With such a precedent as this before him, standing like the warning beacon on the hill, and distinctly pointing out the shoals and eddies with which it is surrounded, that man must be infatuated indeed who will not use his utmost effort to avoid them. For such in all human probability is the destined progress of the present Income Tax, if allowed to proceed one step further than the point at which it has now arrived. 3 As a war tax its duration is now expired. As a part of a system for the peace establishment, it assumes a character new and formidable in the extreme, and I trust no man can be so blind as not to be sensible, that, in submitting to it longer, he is not only giving up for ever for himself, his heirs, and successors, under every possible situation of public affairs, 1/10th or 1/5th, or whatever may be the ratio at which it is now proposed to continue it, but that he is giving his sanction to the principle itself upon which this tax is founded; namely, that the Government of this country is entitled to demand a certain part, absolutely unlimited, of the income of every individual, and is also entitled to enforce that compulsive requisition by the strictest and harshest regulations; a principle fitted perhaps for the meridian of Constantinople, but surely unfitted for the tempered atmosphere of Britain.
I have thus far argued the question upon the general abstract principles of legislation, and confined myself to simply illustrating those principles by a few opposite examples, drawn from our own or other countries. Let us now proceed to a more distinct and minute examination of this financial monster, and see whether there be not enough even in its peculiar features and character to induce us to reject it with abhorrence and disdain.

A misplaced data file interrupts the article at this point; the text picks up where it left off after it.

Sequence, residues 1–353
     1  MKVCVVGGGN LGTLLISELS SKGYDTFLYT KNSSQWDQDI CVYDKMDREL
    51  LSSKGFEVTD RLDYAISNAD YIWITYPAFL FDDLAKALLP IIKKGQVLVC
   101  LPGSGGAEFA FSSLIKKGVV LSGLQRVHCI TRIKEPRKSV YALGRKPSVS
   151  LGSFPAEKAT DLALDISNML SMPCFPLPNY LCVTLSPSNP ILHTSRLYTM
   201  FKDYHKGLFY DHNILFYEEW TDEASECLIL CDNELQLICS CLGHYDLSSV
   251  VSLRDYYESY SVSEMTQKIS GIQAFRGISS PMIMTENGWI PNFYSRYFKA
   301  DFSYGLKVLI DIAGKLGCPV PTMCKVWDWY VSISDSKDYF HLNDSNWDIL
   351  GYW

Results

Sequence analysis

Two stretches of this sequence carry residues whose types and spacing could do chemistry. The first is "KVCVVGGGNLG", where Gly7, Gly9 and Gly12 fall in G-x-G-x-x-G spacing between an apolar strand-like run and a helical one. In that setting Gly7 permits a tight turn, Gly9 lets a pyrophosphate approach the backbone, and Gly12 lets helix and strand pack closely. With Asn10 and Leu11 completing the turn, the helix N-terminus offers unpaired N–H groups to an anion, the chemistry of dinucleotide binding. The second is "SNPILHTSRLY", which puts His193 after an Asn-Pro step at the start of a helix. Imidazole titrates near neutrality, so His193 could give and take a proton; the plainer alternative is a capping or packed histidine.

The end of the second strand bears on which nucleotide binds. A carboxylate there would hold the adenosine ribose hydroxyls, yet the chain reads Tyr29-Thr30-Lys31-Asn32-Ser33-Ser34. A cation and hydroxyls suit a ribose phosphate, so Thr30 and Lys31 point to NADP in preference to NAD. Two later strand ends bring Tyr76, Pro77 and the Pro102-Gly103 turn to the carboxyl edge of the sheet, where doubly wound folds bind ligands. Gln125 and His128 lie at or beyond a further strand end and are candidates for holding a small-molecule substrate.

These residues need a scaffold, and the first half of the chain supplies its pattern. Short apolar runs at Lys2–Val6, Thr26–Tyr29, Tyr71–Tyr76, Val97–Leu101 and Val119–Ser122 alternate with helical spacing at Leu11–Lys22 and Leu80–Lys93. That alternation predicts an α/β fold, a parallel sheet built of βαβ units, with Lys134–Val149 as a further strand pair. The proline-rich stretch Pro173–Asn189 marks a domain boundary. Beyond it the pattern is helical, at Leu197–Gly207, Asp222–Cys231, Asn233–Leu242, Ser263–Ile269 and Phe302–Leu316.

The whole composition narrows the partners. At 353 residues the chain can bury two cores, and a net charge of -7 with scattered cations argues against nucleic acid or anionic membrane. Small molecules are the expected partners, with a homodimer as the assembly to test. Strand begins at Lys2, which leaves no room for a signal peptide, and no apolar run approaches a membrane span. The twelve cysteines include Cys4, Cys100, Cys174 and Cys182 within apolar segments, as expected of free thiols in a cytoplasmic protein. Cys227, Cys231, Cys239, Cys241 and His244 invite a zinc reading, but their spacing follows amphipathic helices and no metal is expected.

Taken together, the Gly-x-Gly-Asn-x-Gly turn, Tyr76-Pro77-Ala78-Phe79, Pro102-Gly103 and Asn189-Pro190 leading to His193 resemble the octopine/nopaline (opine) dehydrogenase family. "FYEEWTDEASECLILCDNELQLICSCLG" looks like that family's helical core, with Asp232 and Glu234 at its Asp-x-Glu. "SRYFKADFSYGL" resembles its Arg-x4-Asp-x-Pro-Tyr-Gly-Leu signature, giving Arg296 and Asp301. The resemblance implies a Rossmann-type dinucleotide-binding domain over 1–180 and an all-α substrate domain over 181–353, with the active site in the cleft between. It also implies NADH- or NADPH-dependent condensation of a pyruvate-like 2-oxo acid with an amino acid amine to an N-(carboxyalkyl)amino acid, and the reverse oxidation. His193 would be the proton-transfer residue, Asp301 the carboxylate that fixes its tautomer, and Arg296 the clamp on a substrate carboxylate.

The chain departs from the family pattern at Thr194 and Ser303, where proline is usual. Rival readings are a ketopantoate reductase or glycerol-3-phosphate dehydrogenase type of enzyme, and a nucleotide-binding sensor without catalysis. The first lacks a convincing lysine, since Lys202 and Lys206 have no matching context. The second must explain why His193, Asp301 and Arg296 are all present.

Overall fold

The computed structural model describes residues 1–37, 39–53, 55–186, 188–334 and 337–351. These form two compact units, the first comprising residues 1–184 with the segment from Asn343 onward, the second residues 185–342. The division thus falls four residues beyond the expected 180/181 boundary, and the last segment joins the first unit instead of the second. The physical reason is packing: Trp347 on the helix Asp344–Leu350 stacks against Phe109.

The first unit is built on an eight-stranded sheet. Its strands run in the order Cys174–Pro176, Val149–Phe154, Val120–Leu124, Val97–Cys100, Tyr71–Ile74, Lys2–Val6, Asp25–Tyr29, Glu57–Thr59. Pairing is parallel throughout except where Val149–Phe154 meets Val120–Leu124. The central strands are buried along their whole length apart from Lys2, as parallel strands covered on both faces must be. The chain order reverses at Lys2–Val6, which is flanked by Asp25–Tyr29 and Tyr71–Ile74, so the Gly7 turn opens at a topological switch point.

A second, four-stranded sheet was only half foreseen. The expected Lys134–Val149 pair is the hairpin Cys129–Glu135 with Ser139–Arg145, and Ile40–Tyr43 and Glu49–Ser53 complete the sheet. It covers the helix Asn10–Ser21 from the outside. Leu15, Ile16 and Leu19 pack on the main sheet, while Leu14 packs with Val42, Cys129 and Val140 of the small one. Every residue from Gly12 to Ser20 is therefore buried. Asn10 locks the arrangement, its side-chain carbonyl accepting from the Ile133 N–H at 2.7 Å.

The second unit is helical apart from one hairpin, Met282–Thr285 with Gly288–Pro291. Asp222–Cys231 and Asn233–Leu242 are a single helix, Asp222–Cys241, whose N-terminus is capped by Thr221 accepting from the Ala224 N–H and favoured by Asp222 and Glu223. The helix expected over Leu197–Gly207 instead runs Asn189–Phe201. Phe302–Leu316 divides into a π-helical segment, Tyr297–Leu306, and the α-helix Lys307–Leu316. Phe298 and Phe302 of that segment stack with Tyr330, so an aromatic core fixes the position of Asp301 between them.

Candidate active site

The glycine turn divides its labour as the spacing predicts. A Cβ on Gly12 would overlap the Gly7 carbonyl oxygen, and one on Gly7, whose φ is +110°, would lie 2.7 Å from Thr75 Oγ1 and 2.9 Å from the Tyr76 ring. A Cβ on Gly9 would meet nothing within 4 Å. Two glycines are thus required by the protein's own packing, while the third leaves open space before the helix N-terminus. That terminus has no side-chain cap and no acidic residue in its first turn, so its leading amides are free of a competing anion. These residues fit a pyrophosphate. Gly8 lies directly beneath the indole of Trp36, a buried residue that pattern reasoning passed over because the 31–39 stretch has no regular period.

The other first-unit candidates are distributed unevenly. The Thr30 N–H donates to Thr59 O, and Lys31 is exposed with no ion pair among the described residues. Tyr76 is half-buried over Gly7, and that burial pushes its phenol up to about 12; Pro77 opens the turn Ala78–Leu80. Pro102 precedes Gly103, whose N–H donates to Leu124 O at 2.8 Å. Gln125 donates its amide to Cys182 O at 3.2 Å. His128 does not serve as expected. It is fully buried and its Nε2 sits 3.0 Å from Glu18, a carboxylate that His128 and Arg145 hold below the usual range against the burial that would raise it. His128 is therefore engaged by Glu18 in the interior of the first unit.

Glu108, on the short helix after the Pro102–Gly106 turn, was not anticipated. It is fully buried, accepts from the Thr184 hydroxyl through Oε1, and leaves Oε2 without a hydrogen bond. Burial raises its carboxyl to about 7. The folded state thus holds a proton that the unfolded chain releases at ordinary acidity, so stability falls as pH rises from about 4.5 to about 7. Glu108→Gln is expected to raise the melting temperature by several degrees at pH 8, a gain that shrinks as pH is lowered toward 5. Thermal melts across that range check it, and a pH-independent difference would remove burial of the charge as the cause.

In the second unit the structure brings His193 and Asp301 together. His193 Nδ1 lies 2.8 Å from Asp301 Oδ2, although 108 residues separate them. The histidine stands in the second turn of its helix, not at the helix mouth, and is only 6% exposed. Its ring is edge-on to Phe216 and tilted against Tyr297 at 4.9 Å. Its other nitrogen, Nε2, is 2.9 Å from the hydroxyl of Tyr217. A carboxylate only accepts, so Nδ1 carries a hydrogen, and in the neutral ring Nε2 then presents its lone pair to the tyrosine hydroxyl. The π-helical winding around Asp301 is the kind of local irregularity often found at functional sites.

All taxes which can be imposed in a country like this, without tending to destroy the character of the Constitution under which we live, must necessarily have these three essential properties:–
1. They must not infringe that nice balance between the revenue of the state, and the wealth of the individuals who compose it, without which neither national liberty nor prosperity can exist.
2. They must not tend to obstruct that salutary control over the raising or the expenditure of the public money which belongs to the Legislative, over the Executive, Branches of the State.
3. They must, in common justice, bear, as far as possible, with an equal and impartial weight upon the various classes of the community. By these plain rules, of which the most zealous supporters of administration can neither question the propriety nor the truth, let us try the tax in question.
First—As it affects the balance between the revenue of the state, and the individuals who compose it.
Montesquieu lays it down as an established maxim, that “the public revenues are not to be measured by what the people are able, but by what they ought to pay;” 4 and the reason is plain and obvious. Because, unless the demands of the state have some definite limit or control, they may proceed to swallow up the whole wealth and property of the country. The revenue may thus fatten upon the poverty of those who supply it; and the state may outwardly make a brilliant and imposing figure, while it is inwardly groaning under the pressure of the heaviest misery and want: and we accordingly find this to be more or less the case in every despotic state, in which the principle I have mentioned is usually but little regarded.—Whether our own country has not of late years been fast approximating to such a situation, may perhaps be questioned or denied; but it must at all events be admitted, that no measure, which human ingenuity could devise, can be more calculated to produce such an effect, than that which we are now discussing. So long as our taxes were imposed on articles of luxury or consumption, they found their natural limit, and their progressive or diminished amount could always supply to the government that invaluable criterion of the country’s ability or wealth, without which every speculation in finance becomes vain and arbitrary, and even the most able and patriotic minister can no more justly regulate his expenditure by his means, than the mariner can steer his prescribed course through the trackless ocean, without either compass or star to guide him.